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I use

  • Debian Wheezy/Sid with XDM
  • urxvt as terminal as well as i3 as window manager
  • ~/.xsession and /.Xresources as session and resources file, respectively.

Last night I accidentally used up all my battery, so my notebook shut down. Since then, whenever I try to login with xdm (as launched by startup), the session crashes and loops back to the login screen as described here.

However, if I start XDM manually by

sudo xdm -session ~/.xsession

I can log in normally without the session crashing. Judging from the terminal layout I get, ~/.Xresources isn't loaded and adding -resoucres ~/.Xresources to the line starting XDM doesn't help either.

Now, what I want is XDM to behave as before on startup, that is not to loop back to login screen after logging in, and my terminal to look as before. I believe that means I have to tell XDM to use ~/.Xresources as well as ~/.xsession by default.

I also tried to launch XDM as

sudo xdm -config .xdm-config

where ~/.xdm-config is a config file I copied from /etc/X11/xdm/xdm-config in which I changed the values of the lines

  • DisplayManager*resources to /home/*myname*/.Xresources and
  • DisplayManager*session to /home/*myname*/.xsession.

As before (manually specifying) the correct session file was used, but the terminal layout remained wrong, so the correct resources file probably wasn't used.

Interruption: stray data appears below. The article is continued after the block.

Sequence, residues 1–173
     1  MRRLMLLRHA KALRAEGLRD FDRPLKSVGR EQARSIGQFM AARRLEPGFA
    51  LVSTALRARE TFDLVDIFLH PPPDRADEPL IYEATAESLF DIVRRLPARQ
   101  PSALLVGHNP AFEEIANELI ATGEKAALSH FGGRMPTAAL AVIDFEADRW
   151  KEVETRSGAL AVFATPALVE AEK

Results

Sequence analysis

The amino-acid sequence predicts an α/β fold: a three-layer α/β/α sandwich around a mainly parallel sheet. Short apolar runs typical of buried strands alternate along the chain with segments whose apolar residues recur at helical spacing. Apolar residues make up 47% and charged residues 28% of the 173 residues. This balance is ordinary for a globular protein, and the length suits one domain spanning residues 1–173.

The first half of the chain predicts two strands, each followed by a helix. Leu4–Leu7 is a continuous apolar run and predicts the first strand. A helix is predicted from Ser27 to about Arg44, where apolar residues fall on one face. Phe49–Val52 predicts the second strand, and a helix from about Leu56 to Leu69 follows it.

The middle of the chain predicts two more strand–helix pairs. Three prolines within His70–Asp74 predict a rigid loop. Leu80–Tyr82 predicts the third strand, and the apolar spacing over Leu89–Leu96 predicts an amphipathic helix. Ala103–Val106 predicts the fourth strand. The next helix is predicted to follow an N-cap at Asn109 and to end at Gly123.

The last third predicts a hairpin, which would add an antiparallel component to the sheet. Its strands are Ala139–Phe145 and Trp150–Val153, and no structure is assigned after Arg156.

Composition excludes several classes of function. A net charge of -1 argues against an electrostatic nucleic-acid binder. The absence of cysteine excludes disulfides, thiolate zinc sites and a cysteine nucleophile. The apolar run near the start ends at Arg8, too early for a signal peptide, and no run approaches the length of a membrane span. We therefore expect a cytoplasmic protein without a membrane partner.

What can I do?

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By the way, I copied .Xresources to .Xdefaults, so that my terminal now looks like before, but this solution isn't as "clean" as I want it to be. – k.stm Oct 4 '12 at 15:01
    
Your question is on topic and absolutely fine to stay here. If it doesn't receive enough attention, you could place a bounty on it or migrate it to Unix & Linux, as you wish. If the latter is what you want, flag it for moderator attention to have it migrated. – slhck Oct 4 '12 at 18:53

After an unsuccessful login you could look into ~/.xsession-errors. It usually shows what went wrong.

Looking into ~/.xsession-errors won't help though if your home directory is read-only, or full, or you ran into your quota. In this case you would get returned to the login screen quick, too, because X needs write access to your ~/.Xauthority file.

Quota or full disk don't apply the root user (there are usually 5% of a disk space kept free for root-only usage) so that may be the reason why it worked with sudo but not without.

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